THE REMINGER REPORT
February 20, 2009
OHIO SUPREME COURT CLARIFIES THE STANDARD
OF PROOF IN LEGAL MALPRACTICE CASES
Historically, in establishing a claim for legal malpractice in Ohio, and proving that an attorney’s breach of the standard of care
caused the plaintiff damage, a plaintiff has been required to show that he would have been successful in the underlying case
“but for” the attorney’s malpractice. This is known as the “case-within-a case” doctrine, wherein a plaintiff must prove the merits
of the underlying case in order to prove the merits of the legal malpractice case.
Since the Ohio Supreme Court decision in Vahila v. Hall (1997) 77 Ohio St.3 421, however, there has been much confusion as
to whether the “case-within-a-case” doctrine is still the rule of law in Ohio. In Vahila, the Supreme Court rejected the “case-
within-a-case” doctrine given the particular facts of that matter, and found that the plaintiff was not required to prove that he
would have prevailed in the underlying case. Rather, the Supreme Court held that a plaintiff may only be required, depending on
the situation, to present “some evidence” of the merits of the underlying claim. Moreover, in rejecting the “case-within-a-case”
doctrine in Vahila, the Court failed to clarify whether its holding was a blanket rule applicable to all legal malpractice actions, or
whether plaintiffs would still be required, under certain circumstances, to prove the merits of the underlying claim.
Accordingly, when the Eighth District Court of Appeals determined in Environmental Network Corporation v. Goodman Weiss
Miller, L.L.P. (2008), 119 Ohio St.3d 209, that the plaintiffs were not required to prove that they would have been successful in
the underlying case in order to establish their legal malpractice case, the Reminger law firm was asked by the Ohio Association
By Nicholas D. Satullo of Civil Trial Attorneys to prepare an amicus brief on behalf of the defendants for the purpose of petitioning the Ohio Supreme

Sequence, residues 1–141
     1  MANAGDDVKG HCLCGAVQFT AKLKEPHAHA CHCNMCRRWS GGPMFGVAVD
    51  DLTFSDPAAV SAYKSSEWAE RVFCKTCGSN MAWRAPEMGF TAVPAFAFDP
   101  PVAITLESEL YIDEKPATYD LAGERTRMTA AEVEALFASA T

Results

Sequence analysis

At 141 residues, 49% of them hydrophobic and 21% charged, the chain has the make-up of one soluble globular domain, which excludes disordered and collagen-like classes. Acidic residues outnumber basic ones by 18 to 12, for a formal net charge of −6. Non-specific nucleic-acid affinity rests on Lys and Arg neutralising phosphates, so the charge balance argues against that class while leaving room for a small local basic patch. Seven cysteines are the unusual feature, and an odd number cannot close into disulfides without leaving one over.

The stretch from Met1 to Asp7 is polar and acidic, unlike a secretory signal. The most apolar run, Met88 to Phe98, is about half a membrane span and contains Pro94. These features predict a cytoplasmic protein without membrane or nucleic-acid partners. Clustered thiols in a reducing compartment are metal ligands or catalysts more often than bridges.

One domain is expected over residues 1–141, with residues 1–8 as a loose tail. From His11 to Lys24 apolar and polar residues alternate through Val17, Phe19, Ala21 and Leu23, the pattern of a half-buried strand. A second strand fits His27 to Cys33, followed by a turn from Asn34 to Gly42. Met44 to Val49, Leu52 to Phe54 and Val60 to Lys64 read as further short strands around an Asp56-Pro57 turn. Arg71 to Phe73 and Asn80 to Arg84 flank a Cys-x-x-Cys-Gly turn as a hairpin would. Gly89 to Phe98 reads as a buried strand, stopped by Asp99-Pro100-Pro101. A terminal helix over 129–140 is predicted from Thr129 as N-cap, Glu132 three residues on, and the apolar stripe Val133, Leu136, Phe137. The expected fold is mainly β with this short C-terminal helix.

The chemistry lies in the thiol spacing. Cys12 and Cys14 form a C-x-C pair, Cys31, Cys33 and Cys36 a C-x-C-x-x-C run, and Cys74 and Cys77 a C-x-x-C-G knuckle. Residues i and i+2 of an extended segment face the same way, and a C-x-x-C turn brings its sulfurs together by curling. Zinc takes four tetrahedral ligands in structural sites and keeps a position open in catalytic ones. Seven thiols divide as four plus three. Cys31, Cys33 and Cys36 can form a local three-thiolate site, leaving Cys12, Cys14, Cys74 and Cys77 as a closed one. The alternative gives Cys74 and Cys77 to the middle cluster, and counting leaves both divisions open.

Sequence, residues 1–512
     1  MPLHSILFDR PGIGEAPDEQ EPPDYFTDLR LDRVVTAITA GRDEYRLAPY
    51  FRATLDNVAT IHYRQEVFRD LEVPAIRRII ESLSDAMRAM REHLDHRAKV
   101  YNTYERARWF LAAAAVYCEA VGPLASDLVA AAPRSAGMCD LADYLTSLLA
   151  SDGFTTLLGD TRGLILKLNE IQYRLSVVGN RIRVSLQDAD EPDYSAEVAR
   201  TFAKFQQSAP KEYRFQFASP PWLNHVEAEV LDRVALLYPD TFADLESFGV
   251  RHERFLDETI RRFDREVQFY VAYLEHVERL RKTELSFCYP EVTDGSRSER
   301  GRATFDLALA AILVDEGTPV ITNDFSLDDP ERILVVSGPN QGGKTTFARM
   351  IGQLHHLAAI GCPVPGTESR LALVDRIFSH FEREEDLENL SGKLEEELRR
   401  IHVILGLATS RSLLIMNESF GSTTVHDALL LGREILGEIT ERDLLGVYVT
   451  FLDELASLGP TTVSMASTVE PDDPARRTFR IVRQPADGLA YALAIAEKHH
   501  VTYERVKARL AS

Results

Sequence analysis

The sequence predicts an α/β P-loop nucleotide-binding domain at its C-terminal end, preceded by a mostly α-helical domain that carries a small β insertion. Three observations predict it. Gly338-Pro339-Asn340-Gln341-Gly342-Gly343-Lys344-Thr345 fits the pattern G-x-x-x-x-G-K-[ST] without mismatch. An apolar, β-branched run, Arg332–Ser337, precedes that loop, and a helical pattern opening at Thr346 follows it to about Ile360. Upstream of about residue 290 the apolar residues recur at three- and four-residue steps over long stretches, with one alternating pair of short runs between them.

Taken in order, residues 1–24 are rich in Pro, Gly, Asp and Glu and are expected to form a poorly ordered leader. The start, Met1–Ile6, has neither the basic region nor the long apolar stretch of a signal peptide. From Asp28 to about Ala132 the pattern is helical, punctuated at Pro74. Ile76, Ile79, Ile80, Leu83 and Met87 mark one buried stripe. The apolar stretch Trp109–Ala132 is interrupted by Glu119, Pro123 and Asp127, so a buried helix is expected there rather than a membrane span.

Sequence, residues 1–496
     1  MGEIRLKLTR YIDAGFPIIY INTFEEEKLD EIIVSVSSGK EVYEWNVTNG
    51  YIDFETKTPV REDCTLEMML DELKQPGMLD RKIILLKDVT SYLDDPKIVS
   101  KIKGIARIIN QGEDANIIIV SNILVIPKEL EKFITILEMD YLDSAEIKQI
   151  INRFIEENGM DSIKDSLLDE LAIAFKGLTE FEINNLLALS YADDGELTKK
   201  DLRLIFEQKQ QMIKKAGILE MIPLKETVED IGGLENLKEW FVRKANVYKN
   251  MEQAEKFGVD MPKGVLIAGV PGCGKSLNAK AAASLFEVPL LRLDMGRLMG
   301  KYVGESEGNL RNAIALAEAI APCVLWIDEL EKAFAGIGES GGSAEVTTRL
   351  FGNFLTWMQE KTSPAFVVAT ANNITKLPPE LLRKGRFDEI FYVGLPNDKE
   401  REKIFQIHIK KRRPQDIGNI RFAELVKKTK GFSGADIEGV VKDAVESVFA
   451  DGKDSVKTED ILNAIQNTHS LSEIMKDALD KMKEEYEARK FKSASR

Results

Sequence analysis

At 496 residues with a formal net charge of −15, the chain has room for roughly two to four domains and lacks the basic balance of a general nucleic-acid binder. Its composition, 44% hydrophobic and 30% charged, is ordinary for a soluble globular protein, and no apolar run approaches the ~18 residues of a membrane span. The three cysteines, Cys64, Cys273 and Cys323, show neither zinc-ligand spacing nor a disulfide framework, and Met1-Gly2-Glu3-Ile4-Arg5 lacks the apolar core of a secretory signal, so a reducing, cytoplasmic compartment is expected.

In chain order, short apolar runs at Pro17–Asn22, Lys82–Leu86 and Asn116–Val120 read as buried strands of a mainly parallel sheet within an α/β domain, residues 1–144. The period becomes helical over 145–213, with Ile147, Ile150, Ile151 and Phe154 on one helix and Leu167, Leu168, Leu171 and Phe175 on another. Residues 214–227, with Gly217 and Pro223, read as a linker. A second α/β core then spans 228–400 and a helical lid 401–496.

& James O’Connor Court to review the issue and to clarify the application of the “case-within-a-case” doctrine.
In Environmental Network, the plaintiffs alleged that their attorneys breached the standard of care by failing to properly prepare for trial, which allegedly
resulted in the defendants coercing the plaintiffs into an unfair settlement. The plaintiffs argued that had the attorneys been prepared to try the underlying
case, and had the case been tried, they would have achieved a better result than the settlement. Importantly, during the legal malpractice trial, the trial
court instructed the jury that the plaintiffs were only required to present “some evidence” on the merits of the underlying case. After the jury returned a
verdict for the plaintiffs, the case was appealed to the Eighth District Court of Appeals. In affirming the verdict, the Eighth District held that pursuant to
Vahila the plaintiffs were not required to prove that they would have been successful in the underlying case “but for” the attorneys breach of the standard of
The Supreme Court reversed. Without overruling Vahila, the Court limited it by stating that Vahila simply stated that there were some cases in which a
plaintiff might be able to sustain a prima facie case without proof that there would have been success in the underlying matter. The court then concluded
that Vahila “necessarily implied that there are some cases in which the plaintiff must so establish. This is one such case.” In that one sentence, the Court
finally rang the death knell to an argument that, for over a decade, has unfairly resulted in cases of attorney liability going to juries—cases that should have
otherwise failed for lack of proof of proximate cause. Although the Court limited its decision to cases premised on the theory that a trial would have
rendered a better result than a settlement, the more important feature of its decision is the recognition that the virtual lack of standards in Vahila could no
longer promote the results that had prevailed since Vahila was decided in 1997. The invitation to further limit Vahila will no doubt be accepted by counsel
as different variations on this theme are presented.
Reminger professional liability lawyers found especial satisfaction in the decision, not simply because we were invited by Ohio Academy of Civil Trial
Attorneys to submit an Amicus Curiae brief, but because we have been advancing this very interpretation of Vahila statewide since it was decided.
Environmental Network will hopefully provide better predictability to an area of litigation that has for too long been the subject of outright exploitation.
If you have any questions or would like a copy of the full opinion, please call a member of our Professional Liability Practice Group listed below.
Nicholas D. Satullo D. Cheryl Atwell James J. Brudny, Jr.
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Donald J. Moracz Kelly A. Johns Brian D. Goldwasser
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